1. A contributory cause that affects young children and renders a normal adenovirus infection more serious or triggers an abnormal immune response in the children. This might be enhanced susceptibility to adenovirus due to lacking previous exposure during the COVID-19 pandemic; a previous or concurrent infection with SARS-CoV-2 or another virus; or a toxin, a medicinal product or an environmental agent.
  2. A new adenovirus variant with or without a contributory factor, as stated above.
  3. A toxin, a medicinal product or an environmental agent.
  4. A new pathogen, which either acts independently or in conjunction with another infection.
  5. A new variant of SARS-CoV-2.


It is important to stress that the current number of cases recorded in Denmark and other countries outside of Great Britain is very low and that similar cases are recorded every year. Furthermore, the cause remains unknown, and therefore special precautions are not needed. As always, it is important to be attentive to a child’s symptoms, which in these cases typically present as icterus, general symptoms and gastrointestinal symptoms, and - as normally - engage in diagnostic work up to establish the cause. Admitted children who are suspected of being comprised by the outbreak are handled in accordance with current guidelines on children with increase in transaminases and may be conferred with the highly specialised paediatric pathology function at the Copenhagen University Hospital (Rigshospitalet), Odense University Hospital or Aarhus University Hospital, Skejby.

The situation is being monitored closely

The situation is monitored closely, nationally as well as internationally. In Denmark, extended monitoring was established in the form of mandatory notification by phone to the Danish Patient Safety Authority of hepatitis of unknown cause and via close collaboration between Danish paediatricians and paediatric departments, the Danish Health Authority, the Danish Patient Safety Authority and Statens Serum Institut.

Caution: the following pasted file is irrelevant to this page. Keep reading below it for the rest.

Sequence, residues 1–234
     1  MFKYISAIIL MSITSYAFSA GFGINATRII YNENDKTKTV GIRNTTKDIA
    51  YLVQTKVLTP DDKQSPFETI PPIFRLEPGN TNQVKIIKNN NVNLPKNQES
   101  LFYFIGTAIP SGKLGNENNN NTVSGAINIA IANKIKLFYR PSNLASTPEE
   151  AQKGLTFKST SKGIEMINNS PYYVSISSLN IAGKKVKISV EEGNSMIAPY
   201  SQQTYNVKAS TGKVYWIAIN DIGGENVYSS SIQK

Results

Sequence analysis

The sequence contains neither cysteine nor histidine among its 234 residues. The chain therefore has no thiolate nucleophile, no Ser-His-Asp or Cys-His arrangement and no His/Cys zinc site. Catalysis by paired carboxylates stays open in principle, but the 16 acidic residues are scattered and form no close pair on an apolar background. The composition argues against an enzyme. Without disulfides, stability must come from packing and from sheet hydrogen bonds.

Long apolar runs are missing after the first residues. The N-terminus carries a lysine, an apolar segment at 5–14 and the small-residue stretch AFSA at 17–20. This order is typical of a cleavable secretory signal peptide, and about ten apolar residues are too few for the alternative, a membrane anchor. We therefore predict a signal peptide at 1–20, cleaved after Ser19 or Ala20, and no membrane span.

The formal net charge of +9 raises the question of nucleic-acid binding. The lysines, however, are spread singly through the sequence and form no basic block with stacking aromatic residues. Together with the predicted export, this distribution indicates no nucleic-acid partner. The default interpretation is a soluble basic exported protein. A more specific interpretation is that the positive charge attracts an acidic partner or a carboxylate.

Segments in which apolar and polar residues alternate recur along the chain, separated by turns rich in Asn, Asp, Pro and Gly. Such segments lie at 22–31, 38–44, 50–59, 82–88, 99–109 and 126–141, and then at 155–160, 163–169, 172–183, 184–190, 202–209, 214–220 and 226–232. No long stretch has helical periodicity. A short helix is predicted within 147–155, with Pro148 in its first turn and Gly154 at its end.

On 12 April the Danish Health Authority informed paediatric departments that disease cases like those described in Great Britain must be notified by phone to the Danish Patient Safety Authority and in writing to the Danish Patient Safety Authority and Statens Serum Institut to facilitate monitoring and epidemiological investigation of the possible outbreak. Notification is made in pursuance of Section 7 of Executive Order on Notification (on clusters of inexplicable disease cases that may be caused by a biological agent, but where such agent has not necessarily been detected).


  • The cases covered by mandatory notification include children below 16 years of age:
    o with significant liver affection (guiding ALAT/ASAT > 500 IU/L)
    o AND negative hepatitis A-E diagnostics
    o AND no other known aetiology
  • The case is notified by phone to the Danish Patient Safety Authority in the area where the patient resides.
  • Contact information for the Danish Patient Safety Authority: +45 72227450 (Capital Region of Denmark and Region Zealand), 72227950 (Region of Southern Denmark) and 72227970 (North Denmark Region and Central Denmark Region). Outside of normal daily opening hours, the preparedness service of the Danish Patient Safety Authority is contacted (70220268 East of Storebælt, 70220269 West of Storebælt).
  • Subsequently, the case is notified in writing to the Danish Patient Safety Authority, either by using the electronic notification system in the SEI2 (currently not available in the Region of South Denmark, but the SSI can provide access as needed) or on Form 1515, which is submitted by surface mail.
  • For written notifications, the diagnosis is stated as “Suspicion of clustering of serious disease cases of unknown cause”.

(A. Koch, L. Müller, R. Legarth, P.H. Andersen, P. Valentiner-Branth, L. Espenhain, V. Vorobieva Jensen, Statens Serum Institut, M. Hørby Jørgensen, Copenhagen University Hospital (Rigshospitalet), M. Aabye, G. Ertner, Danish Health Authority, A. Hempel-Jørgensen, Danish Patient Safety Authority)